I based the program loosely on the very effective 23 Things, originally developed by Helen Blowers for library staff, which later went viral. I tailored this programme to developing a PLN for your own practice, whether an Engineering lecturer or a Nursing lecturer. Here is the outline based on my PLN model.
One of the priorities within my organisation, as in most higher education institutions, is ePortfolios. So I thought why not kill two birds with one stone, and help staff document their learning journey into networked learning, by documenting it in an ePortfolio.
Setting it up…
|Activity||Artefact in ePortfolio|
|1: Let’s meet||Informal meetingsAccess introductory material in LMSeLive sessionSet up Twitter account||Link to Twitter account|
|2: What is the cloud?||Explore various definitions of the cloud||Reflection|
|3. What is a personal learning network||Explore diagrams & definitions of PLNsCreate own diagram||Diagram of current PLN|
|Week 2: Your Staff Room|
|3: Putting Twitter to work||Learn to use hashtag, @replies and other Twitter conventionsInstall Twitter appsExplore the ‘apps’ conceptConnect to other networked academics around the world and create a list of those that interest you||Link to curated Twitter list in ePortfolio|
|4. Other cloud conversation tools||Explore other tools, Yammer, Facebook, Skype, LMS forumsExamine difference between 1-1, 1-many, many-many and walled gardens versus open gardens.Discuss: what does conversation tool selection mean for an academic’s digital footprint?||Reflection on conversation tool selection & corresponding digital footprint|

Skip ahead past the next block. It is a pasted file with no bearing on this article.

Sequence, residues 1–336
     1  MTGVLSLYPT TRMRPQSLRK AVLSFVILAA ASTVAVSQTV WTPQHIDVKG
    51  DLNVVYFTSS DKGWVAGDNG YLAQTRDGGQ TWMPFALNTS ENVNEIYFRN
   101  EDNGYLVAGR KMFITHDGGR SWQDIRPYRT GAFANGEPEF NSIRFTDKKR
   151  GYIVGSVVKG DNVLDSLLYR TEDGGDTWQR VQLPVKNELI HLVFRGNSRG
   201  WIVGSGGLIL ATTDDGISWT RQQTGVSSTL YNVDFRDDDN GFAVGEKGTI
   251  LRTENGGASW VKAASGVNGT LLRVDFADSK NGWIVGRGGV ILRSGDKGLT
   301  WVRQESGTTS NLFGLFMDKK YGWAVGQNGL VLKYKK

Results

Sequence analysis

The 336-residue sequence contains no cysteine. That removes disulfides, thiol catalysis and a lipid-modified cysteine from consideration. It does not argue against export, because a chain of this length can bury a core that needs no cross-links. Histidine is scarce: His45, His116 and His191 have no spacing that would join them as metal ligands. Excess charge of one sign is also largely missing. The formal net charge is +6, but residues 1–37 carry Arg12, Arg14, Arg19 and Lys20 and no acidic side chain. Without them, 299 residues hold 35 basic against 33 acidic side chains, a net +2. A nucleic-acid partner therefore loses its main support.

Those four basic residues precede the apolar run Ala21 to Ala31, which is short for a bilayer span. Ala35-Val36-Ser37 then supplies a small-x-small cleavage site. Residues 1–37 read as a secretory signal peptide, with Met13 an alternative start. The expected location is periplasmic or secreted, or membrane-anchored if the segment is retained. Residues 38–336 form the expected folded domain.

|Week 3: Your Filing Cabinet|
|5. Your public filing cabinet||Explore delicious & diigoExplore concepts of tagging, folksonomy and social curation||Link to delicious, diigo or other account|
|6. Your private drafts file||Explore Google Docs, Evernote, and other online notetaking softwareExplore concept of cloud access to information||Reflection on choice of notetaking software or reason not to use|
|7. Curating your topic||Explore digital curationExplore Scoop.it, Pinterest and othersDiscuss: curation role as part of academic identity||Link to accountReflection on own role as curator|
|Week 4: Your personal magazine|
|8. RSS||Explore RSS and RSS readersExplore dashboard pagesSet up Google alerts||Link to dashboard page|
|9. Magazine apps on smartphones & tablets||Explore magazine apps like Flipboard, Zite, PulseTweak to own needsDiscuss: What it means to have personalized information streams||Screenshots of tweaked magazine apps & reflection|
|Week 5: Your portfolio|
|10. Your current portfolio||Discuss portfolio to date||Reflection|
|11. LMS ePortfolio||Create presentation to share artefacts from ePortfolioShare via Twitter / Facebook, via email||Presentation created|
|12. Other ePortfolio tools||Explore resources on ePortfolios and examplesExplore other ePortfolio tools such as blogs, delicious, etcDiscuss: own use of ePortfolio||Reflection on personal choice & purpose for an ePortfolio|
|Week 6: How does your PLN grow?|
|13. How has your PLN grown||Diagram current PLNReflect on use of tools in learning, in teaching, in research, in other activities||Diagram current PLNReflection|